This will sound cheesy, but perhaps every once in a while, we should really try to live for the moment.

Michael Bublé

So yesterday a bunch of us were fortunate smart enough to get ourselves seats to Michael Bublé’s gig cos my god, he was a-maze-zing.

I’m not even taking his good looks into factor right now. It was honestly one of the most entertaining concerts I’ve ever been to, and I would say that is a considerable amount, with a considerable variety of genres (pop, rock, R&B and now jazz).

Needless to say I had good company. But the awesome things about a concert are:

  1. You can tell if the performer can really sing live.
  2. You can tell if the performer has personality.
  3. You can tell if the performer is having a great time.
  4. You can hear them perform covers, which I LOVE.
  5. You get goosebumps when the performer keeps quiet and the whole crowd sings harmoniously.

And it really worked out, all 5 points, really really well for last night’s gig. 1) He was an amazing crooner, he didn’t fall flat on a single note. It was like he could do this half asleep and still sound this damn good. 2) He is bad ass. He made all of us laugh till our socks dropped. He is a stand-up comedian, so unexpected. Unafraid to laugh at himself, unafraid to tease his 9-man orchestra, unafraid to sing songs of ‘questionable’ masculinity.. 3) Amidst all that joking, he paused to laugh uncontrollably at his own joke. All I could say was HAHAHAHHAHAHAHAHHAHAHAHHAHA.. 4) MJ HELLO. 5) Every single time, this gives me goosebumps. Every single time.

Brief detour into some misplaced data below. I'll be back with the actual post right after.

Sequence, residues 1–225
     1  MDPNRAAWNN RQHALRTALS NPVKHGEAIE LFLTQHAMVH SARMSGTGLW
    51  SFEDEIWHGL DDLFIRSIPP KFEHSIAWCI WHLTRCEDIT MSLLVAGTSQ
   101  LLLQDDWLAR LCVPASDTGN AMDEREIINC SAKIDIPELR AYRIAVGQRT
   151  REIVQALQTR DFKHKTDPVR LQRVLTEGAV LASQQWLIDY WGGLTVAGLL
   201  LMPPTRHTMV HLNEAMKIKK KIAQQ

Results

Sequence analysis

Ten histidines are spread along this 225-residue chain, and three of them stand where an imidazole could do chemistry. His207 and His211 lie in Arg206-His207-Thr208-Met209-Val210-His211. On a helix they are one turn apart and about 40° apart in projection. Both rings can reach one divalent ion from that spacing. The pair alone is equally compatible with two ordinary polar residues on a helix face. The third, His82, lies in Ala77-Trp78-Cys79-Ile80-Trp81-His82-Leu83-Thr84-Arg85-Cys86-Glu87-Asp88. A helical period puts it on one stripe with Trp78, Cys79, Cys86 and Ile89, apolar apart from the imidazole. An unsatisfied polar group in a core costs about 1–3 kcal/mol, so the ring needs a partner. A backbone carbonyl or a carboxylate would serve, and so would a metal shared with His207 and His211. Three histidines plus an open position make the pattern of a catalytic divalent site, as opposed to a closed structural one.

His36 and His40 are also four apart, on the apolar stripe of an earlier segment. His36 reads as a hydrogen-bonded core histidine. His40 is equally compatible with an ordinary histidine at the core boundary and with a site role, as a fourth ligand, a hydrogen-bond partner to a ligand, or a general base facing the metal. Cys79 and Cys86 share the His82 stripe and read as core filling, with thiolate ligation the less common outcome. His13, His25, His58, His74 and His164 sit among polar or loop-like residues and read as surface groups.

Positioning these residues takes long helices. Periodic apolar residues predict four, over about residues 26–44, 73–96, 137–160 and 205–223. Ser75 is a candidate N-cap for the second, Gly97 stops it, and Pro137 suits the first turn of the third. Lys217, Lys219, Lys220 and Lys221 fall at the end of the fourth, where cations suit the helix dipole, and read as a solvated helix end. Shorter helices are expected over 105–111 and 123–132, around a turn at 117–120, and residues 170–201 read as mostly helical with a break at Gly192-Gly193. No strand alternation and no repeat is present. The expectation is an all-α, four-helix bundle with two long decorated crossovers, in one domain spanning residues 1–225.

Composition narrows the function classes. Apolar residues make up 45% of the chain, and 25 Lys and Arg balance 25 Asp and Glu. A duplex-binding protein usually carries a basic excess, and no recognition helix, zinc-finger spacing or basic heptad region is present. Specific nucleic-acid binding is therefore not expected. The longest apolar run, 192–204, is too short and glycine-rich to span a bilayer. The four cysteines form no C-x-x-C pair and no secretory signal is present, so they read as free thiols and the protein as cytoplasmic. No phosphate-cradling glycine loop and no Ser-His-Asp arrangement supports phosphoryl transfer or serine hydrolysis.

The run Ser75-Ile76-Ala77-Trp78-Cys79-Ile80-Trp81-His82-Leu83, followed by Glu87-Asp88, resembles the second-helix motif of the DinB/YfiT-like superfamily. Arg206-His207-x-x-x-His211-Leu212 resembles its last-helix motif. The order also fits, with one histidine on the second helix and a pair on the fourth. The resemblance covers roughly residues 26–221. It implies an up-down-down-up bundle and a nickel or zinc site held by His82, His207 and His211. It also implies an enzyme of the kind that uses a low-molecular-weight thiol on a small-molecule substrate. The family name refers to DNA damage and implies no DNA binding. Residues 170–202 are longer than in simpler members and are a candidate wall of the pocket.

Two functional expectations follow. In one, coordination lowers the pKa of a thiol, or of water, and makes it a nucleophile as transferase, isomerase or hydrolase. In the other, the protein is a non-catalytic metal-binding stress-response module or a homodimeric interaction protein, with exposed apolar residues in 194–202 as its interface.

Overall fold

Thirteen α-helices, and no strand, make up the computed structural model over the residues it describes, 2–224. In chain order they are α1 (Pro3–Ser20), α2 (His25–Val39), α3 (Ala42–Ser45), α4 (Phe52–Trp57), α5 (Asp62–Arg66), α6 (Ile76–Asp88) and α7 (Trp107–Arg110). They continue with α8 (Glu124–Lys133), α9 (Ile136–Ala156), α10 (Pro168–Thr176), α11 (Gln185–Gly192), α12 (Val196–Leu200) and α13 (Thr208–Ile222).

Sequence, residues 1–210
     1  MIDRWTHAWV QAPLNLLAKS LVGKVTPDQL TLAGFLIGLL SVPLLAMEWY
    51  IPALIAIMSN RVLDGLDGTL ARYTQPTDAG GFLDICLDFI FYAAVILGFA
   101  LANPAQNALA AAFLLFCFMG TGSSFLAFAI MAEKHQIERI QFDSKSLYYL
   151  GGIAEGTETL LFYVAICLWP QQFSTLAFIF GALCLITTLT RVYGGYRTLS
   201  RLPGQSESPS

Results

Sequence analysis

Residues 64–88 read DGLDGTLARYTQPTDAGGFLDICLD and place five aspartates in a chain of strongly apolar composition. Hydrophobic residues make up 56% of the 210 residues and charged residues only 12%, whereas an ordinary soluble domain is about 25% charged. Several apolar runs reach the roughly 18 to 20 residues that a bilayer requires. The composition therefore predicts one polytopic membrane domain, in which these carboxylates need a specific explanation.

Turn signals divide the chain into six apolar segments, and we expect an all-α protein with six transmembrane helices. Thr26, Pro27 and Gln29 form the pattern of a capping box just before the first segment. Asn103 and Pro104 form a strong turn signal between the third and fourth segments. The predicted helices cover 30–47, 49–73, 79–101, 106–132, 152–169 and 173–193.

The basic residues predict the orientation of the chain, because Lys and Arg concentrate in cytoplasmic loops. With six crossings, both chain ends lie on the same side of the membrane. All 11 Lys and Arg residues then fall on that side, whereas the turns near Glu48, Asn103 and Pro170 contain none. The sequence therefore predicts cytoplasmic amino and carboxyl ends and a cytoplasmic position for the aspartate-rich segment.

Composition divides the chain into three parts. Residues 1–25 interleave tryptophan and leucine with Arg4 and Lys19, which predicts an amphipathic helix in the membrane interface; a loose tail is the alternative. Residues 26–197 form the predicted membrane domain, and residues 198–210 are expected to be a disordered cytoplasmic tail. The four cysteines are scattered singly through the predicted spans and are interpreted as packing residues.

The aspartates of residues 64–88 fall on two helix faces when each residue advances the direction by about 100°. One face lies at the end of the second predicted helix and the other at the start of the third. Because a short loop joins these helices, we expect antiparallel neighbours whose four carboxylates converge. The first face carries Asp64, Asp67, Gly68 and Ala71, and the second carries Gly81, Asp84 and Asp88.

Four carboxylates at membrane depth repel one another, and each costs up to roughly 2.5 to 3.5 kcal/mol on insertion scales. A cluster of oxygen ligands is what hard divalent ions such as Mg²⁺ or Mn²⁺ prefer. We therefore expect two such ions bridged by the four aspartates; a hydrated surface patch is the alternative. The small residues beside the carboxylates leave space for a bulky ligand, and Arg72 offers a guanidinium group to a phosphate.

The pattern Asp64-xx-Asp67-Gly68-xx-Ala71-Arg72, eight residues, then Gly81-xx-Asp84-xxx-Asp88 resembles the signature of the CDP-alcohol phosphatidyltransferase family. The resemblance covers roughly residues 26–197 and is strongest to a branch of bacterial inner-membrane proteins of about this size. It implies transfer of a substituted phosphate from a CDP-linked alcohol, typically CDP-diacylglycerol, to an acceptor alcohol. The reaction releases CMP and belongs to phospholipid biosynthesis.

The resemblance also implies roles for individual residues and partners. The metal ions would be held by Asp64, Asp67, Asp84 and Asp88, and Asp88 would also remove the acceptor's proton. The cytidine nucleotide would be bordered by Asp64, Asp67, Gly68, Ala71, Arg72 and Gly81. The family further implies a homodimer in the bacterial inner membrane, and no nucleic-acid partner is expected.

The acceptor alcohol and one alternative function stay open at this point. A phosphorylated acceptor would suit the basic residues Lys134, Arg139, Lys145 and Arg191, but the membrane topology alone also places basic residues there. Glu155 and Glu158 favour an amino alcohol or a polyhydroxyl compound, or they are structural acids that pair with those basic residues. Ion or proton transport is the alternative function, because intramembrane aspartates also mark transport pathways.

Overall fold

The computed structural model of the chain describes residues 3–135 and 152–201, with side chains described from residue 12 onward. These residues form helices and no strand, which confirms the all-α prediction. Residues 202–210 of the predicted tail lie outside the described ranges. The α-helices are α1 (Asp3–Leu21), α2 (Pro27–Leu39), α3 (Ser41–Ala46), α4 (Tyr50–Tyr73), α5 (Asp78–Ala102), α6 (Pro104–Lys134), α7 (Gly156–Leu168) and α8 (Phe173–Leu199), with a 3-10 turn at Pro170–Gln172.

And all I can say is, I had a rough stressed day prior to this gig, worrying about the day after and when it started, my mind blanked, my adrenaline was up, my attention span was as long as the gig was, my smile was undeniably genuine.

I freaking love concerts for reasons like these. And Michael Bublé just reminded me of them. For that, I would love to get better seats the next time he’s here. Because he is worth it. Honestly. I don’t think I’m done raving about this gig for a while, that’s just how good it was. And to all of you who weren’t there, all I can say is… HAHA SUCKERS!

Dang this was such a fangirl blog post. Anyhow, here’re the videos that sum up why I love concerts and why I love Michael Bublé’s gig… and him.